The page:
Two stroke motorcycles, just like lawn appliances, don't pressurize the cylinder. Normally aspirated. I imagine trying to pressurize a cylinder with giant holes in the cylinder walls, would be complicated. I don't believe diesels today use piston ports. I believe they use disc valves or the like. Motorcycles were starting to go there before two strokes were outlawed, due to really bad emissions.

I sold my last Water Buffalo in 2006. At the time, whenever I rode it, it never failed that someone would tell me my bike needed to have the engine rebuilt since it was smoking so bad. Or I'd depart a stop light and hammer it, leaving a YUGE blue cloud in the intersection. Then someone would catch up to me and give me the single-digit-salute. LMAO!!

I have pics of the bikes, but they're either hard photos or on floppy discs. LOL!
 
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cbxer55

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On my Suzuki street bikes, you have an intake port on one side of the cylinder, down low on the cylinder wall. The exhaust port is higher up on the other side. The carburetors on the back, feed the air/fuel into the crankcase, where the oil is injected, straight onto the crank bearings. Oil is also direct injected under the pistons to directly oil the bearings on either end of the connecting rod. The air/fuel/oil mix in the crankcase is then drawn into the cylinder as the piston goes down.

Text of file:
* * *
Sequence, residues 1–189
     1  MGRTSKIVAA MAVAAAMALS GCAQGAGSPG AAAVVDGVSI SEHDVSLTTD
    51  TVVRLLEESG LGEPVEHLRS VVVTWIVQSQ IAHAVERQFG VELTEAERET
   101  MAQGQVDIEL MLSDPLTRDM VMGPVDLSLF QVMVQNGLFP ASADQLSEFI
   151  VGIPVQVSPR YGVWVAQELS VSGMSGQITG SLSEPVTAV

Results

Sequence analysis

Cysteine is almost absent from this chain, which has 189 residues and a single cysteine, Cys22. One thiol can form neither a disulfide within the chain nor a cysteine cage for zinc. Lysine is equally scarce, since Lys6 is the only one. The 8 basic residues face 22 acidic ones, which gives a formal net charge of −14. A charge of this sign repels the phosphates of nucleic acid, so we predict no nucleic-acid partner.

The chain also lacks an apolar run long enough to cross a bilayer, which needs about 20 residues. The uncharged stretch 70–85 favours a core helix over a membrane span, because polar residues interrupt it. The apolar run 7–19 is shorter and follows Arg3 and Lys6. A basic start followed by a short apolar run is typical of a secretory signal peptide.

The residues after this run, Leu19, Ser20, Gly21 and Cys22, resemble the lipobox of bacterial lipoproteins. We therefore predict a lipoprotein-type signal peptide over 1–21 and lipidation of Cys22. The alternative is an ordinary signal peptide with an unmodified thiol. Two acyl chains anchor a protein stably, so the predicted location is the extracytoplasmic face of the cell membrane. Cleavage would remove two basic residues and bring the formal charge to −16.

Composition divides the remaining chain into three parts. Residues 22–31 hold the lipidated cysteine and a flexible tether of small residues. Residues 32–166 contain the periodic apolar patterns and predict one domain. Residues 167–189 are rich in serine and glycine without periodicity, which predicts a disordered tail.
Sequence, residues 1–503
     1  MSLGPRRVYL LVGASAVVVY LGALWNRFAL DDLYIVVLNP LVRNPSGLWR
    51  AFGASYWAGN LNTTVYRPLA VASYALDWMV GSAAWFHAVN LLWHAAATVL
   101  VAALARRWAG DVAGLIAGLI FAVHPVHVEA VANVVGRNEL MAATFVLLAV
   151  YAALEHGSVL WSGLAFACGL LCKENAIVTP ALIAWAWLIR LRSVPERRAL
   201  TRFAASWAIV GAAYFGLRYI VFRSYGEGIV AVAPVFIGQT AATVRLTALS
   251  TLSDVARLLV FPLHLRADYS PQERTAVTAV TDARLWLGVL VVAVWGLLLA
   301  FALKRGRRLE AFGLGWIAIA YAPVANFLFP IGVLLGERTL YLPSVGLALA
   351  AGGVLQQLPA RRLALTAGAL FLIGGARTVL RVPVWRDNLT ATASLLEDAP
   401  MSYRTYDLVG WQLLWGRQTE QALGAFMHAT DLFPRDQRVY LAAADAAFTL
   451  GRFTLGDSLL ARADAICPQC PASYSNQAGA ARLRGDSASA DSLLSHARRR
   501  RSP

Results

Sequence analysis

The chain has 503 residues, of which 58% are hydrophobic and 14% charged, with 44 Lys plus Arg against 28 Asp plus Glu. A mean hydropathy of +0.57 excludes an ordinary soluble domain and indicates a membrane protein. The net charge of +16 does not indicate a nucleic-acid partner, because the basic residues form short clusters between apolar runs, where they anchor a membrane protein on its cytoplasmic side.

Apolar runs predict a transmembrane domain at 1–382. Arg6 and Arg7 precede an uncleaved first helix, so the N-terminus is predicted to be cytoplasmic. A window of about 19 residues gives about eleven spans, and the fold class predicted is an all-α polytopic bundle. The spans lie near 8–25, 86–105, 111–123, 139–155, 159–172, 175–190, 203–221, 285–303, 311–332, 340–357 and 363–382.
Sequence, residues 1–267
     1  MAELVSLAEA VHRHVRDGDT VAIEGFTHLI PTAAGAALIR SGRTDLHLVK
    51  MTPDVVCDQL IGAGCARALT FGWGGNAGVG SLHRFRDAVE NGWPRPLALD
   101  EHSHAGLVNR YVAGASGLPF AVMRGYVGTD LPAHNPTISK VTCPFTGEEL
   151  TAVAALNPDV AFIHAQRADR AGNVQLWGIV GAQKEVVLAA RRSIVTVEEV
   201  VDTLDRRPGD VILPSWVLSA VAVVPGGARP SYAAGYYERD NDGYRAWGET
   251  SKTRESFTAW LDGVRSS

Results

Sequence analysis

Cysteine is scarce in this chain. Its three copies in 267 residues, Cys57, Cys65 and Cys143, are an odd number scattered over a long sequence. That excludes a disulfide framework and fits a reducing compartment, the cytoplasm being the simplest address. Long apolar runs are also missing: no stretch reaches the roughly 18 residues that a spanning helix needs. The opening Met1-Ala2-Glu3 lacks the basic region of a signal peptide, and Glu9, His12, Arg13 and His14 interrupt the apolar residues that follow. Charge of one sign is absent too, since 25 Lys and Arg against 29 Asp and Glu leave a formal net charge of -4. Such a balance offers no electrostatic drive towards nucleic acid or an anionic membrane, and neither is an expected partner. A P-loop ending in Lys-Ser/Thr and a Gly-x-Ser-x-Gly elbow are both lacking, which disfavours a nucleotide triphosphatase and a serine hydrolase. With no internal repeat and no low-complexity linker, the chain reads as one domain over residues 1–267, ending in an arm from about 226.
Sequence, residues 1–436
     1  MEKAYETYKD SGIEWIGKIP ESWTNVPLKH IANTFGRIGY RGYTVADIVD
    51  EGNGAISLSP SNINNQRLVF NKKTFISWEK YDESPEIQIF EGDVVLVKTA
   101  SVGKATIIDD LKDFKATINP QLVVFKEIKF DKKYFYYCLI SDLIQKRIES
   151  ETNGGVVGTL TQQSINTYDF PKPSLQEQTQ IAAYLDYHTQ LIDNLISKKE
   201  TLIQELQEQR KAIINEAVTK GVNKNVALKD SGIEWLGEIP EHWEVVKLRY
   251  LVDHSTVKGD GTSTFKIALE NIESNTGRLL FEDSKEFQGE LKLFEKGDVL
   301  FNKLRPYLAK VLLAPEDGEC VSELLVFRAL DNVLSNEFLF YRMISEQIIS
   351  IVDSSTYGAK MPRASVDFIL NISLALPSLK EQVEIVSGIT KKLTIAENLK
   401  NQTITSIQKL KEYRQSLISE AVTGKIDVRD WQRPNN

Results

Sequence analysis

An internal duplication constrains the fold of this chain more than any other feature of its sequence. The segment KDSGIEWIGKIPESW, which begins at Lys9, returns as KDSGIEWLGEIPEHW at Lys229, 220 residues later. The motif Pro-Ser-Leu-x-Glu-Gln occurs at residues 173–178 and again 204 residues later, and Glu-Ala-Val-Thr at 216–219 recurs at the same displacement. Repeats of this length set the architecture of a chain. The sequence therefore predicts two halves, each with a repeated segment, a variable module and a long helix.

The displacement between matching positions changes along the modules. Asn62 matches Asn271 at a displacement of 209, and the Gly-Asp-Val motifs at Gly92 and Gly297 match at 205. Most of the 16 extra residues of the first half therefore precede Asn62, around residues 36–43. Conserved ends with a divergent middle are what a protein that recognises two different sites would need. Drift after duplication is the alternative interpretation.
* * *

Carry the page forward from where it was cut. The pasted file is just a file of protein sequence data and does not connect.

It's complicated. As the piston comes down after combustion, the exhaust port is exposed first. Out goes the exhaust, which the evacuation of the exhaust sucks the intake in when the intake port down lower is exposed. Thus, when the piston starts rising, it closes the intake port first, but the exhaust is still open. The outgoing exhaust pulls some of the intake out with it, but the exhaust design causes a reversion, the exhaust flowing back toward the cylinder, pushing the fuel/air/oil back into the cylinder before the piston closes the exhaust port off. It makes for a very peaky power band. If you elongate the widest portion of the pipes to try and smooth out the power band, you end up losing some peak power. It's why two stroke pipes have that funky look they do, fat in the mid section, with stingers on the back.

My dad needed to borrow my first one, a 74, back in 79. It had J & R Power Pipes on it. I told him, do not, under any circumstances, grab a handful of throttle from a dead stop, expecting to take off like a bat out of hell. If you do, it'll just lug and you will end up with the front wheel in the air around 4500 rpms or so. He did it anyways, and came back rather quickly, shaking a bit. "Don't ever let me ride that beast again!" LOL!!